Published by Enitharmon Press, 2004. For more information click here.
“[Martyn Crucefix] writes with precision and respect and a secular sense of the sacred, including a ballad about two lovers shot in divided Sarajevo, sung – astonishingly and effectively – by the ubiquitous water which features in their lives and deaths” Andrew Stibbs Iron
Crucefix has, as always, an exceptional ear . . . ‘On Night’s Estate’ is global in its vantage point . . . It’s a dark poem, portending monsters and catastrophe in a way that reminds one of Yeats’ ‘The Second Coming’ and makes us read the title of Crucefix’s book in a different way. It’s a superbly intelligent ending to a very strong collection. Kathryn Maris, Poetry London
“The measurement of truth against blood is at the heart of Crucefix’s poetic instinct. His motors come in many sizes; yet they all draw their elecriticity from the friction between the tried and untried possibilities of language [. . .] Crucefix can aspire to be the patron saint who can lift us into the clouds of the small near-magic-realist lyric (‘Scoop’), or a high-flying purveyor of majestic clarity (‘On Night’s Estate’), or a tight-rope-walker forever balancing himself over the symbolic-sense divide (‘So Far’ and ‘Clay Town’) and in the best of these poems we rise with him and are then returned to earth by his many routes, squarely, impressively, on both feet. Mario Petrucci, Acumen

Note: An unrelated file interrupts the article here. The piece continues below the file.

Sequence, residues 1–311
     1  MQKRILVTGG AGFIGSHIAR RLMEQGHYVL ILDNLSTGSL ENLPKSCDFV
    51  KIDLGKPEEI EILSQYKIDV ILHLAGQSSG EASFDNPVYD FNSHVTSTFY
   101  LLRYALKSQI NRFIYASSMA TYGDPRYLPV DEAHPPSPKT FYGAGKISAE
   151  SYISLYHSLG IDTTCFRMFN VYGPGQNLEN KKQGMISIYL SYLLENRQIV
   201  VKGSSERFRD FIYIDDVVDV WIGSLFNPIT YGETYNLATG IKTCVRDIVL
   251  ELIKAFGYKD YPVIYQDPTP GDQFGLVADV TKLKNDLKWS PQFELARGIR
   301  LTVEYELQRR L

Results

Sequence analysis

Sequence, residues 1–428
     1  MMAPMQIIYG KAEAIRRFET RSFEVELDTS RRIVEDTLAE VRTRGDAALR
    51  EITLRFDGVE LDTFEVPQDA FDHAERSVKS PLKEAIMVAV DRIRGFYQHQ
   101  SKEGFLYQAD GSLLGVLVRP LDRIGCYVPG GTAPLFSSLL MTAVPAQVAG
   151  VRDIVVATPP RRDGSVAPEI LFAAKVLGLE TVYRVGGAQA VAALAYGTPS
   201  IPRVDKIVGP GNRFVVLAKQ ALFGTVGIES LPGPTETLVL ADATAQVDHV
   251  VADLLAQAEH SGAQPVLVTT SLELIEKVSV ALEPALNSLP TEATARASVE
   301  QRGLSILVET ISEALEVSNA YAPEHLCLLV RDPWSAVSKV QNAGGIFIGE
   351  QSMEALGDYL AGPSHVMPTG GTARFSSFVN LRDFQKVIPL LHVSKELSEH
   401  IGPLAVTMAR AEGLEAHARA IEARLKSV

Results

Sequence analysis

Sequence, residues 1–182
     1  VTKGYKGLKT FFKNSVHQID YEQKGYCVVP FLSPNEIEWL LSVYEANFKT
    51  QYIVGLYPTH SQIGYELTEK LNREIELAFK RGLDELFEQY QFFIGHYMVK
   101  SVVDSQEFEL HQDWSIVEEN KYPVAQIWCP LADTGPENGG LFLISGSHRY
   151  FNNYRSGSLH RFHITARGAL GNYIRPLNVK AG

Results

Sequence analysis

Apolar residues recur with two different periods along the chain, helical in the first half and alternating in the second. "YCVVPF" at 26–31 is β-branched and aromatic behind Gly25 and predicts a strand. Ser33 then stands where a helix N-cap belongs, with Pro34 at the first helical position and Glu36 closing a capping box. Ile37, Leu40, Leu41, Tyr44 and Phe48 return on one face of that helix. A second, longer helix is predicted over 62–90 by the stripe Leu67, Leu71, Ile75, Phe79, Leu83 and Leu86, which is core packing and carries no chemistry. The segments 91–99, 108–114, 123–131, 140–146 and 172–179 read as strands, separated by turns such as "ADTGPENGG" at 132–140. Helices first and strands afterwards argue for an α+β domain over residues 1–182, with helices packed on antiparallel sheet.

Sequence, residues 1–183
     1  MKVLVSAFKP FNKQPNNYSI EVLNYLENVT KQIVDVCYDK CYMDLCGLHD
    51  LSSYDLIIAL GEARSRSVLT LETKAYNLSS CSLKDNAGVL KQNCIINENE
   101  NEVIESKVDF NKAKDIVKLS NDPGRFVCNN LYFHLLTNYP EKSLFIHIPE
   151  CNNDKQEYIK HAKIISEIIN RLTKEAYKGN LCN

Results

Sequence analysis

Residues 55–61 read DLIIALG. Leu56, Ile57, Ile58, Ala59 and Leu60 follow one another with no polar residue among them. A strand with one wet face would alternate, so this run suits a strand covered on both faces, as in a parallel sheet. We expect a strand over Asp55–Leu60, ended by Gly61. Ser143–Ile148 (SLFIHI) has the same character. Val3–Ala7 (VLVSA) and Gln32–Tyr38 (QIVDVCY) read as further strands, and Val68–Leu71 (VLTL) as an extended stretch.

Impelled by a sense that our personal, social and corporate behaviours grow ever more infantile, these are poems that scrutinise the child, the child-like and the childish.
“I see you drop from the black, splintered pane,
sprawl, bruised and quivering as a newly-born
in your college room – then up and alert,
the strangeness of our futures a thing yet to learn”
Writing with humour, candour and precision, Crucefix’s fourth collection reflects the innocence and distress of modern childhood, its often bewildering transitions into the adult world where egotism, anger and acquisitiveness wait.
An English Nazareth calls up an extraordinary cast of real and fictional characters – Alexander von Humboldt, Mr Marvel, Lady Richeldis of Walsingham, Wimbledon referee Alan Mills, Radovan Karadzic, the Cleverly boy – and in doing so these poems further extend the formal and tonal range of a writer whose work confronts us with the fact “of innocence already dead, / the book’s sole intent to show it had to happen”.
From this collection:
17 Britannia Square
To keep it steady, I stand on the bottom rung.
The galvanised ladder from a neighbour’s shed
creaks and squeals under your stepping weight.
It sounds like coins being scraped together.
Last to leave, I could not manage ten minutes 5
in charge of your tall, Edwardian house.
Because I forgot to bring the key – rung on rung,
self-conscious as no real intruder would be,
now you find a way through your own walls.
And if we did not then, we might once have done 10
this kind of thing – the cat-burgling high-jinks,
a pair of students climbing to college windows
against vigilant authority, as then, after a drink,
loose-tongued and having – as Keats once called it –